Finding ways to limit retail waste has been identified as a key part of the battle in securing food supplies for the world’s growing population. In the second of a series of articles, VOSP examines what retailers are doing to cut waste in the pig supply chain.
It’s dubbed the challenge of the century. As the global population rises to 9 billion by 2050, the world’s food producers are faced with the task of finding a way to feed them.
Producing more food might seem like the obvious answer, with targets of increasing food production by 70% being suggested by some. But to ease pressure on land use and natural resources, making better use of existing food is a critical part of the solution.
Every year, some 4 billion tons of food is produced globally, yet a third of it is wasted. Worth $1 trillion (£767 billion) in retail terms, the waste is a missed opportunity to feed more people, as well as a significant cause of environmental damage.
According to the United Nations Food and Agriculture Organization, cutting food waste could not only reduce strain on the world’s natural resources but also limit pressure on farmers to produce more food. Given the high water, energy, feed and land requirements of livestock production — as well as the high nutritional value of animal protein — curbing waste of pork and other meat products is especially important.
Although waste occurs at every link of the pork chain, with the vast majority of waste happening at the consumer level, retailers play a crucial role in reducing waste from farm to fork.
Identifying the cause
In the UK alone, retailers waste about 72,000 tons of fresh meat annually, more than a third of which is pork.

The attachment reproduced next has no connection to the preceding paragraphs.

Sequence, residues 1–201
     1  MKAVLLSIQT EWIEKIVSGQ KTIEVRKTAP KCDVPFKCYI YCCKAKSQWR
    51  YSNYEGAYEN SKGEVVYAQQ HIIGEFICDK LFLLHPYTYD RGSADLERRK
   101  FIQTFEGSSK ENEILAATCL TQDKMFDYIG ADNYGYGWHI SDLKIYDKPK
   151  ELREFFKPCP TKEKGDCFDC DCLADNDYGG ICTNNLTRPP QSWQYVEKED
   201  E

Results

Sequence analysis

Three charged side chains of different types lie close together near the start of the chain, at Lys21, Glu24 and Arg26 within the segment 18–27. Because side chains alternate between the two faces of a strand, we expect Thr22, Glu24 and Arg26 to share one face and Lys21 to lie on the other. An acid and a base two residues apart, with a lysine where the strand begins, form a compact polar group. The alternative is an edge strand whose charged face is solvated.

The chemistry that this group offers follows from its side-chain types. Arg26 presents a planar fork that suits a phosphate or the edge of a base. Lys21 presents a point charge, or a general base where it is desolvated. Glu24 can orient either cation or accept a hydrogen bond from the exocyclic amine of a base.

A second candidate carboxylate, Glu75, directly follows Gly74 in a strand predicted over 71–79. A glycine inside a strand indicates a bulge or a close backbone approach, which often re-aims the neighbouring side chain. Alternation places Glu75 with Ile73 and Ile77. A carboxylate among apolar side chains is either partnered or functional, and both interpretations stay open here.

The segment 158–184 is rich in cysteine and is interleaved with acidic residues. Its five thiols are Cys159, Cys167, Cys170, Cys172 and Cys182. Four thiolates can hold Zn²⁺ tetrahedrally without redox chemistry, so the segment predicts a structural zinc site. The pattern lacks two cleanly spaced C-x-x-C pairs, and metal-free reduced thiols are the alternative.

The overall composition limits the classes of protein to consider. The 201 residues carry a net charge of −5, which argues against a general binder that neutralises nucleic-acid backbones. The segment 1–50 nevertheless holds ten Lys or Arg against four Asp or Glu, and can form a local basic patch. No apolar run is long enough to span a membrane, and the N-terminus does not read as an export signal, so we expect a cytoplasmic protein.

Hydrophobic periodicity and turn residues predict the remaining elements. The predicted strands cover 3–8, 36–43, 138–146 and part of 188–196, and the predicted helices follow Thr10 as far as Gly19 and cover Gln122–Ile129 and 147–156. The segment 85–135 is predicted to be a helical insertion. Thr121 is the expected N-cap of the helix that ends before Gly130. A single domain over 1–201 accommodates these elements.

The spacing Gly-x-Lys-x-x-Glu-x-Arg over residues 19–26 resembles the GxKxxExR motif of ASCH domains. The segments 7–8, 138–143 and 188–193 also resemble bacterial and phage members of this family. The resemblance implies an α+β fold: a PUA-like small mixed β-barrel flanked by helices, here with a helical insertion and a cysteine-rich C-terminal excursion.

The Waste and Resources Action Programme (WRAP), a non-profit working on behalf of UK governments to tackle waste, says there’s no single cause of waste in the sector, but factors related to supply management, shopkeeping and operations all contribute to the problem.
More specifically, retailers identify promotions, forecasting demand and weather as the main culprits of waste, with meat sales falling in the UK when cooler-than-expected weather thwarts summer barbecues.
To tackle the problem, WRAP has introduced a range of voluntary retailer initiatives to help retailers identify where they can make commitments to drive down waste.
In the past, retailers have been encouraged to limit the number of promotions they offer on products — particularly fresh meat — which encourages shoppers to buy more than needed, resulting in food waste at home.
The latest initiative, the Coutauld 2025 Agreement, was launched last May and has a target to cut food waste by a fifth over the next decade, while helping the food sector drive down greenhouse-gas emissions by 20% at the same time.
A step-change in food production
Richard Swannell, WRAP’s director of sustainable food systems, says the agreement marks a “new era” for the food industry, helping the UK economy save about £20 billion ($26 billion) to businesses and consumers.
“To safeguard UK food we need a step-change to increase sustainable food and drink production, conserve resources and combat climate change,” he says. “Courtauld 2025 will do this.”
But how exactly can retailers tackle the issue of reducing waste, particularly in the pig-meat sector? Previous studies have indicated there are several areas where retailers can make efforts — the first being the shelf life of products.
In the UK alone, consumers throw away about £6.7 billion ($8.7 billion) of food and drink each year due to it not being used by the expiration date, so increasing product life in a way that doesn’t compromise food safety or quality is one solution, WRAP says.
Retailers have been encouraged to redesign packaging of its own products, as well as look at products’ “dwell time” — the amount of time they spend in the supply chain before they get to consumers’ plates.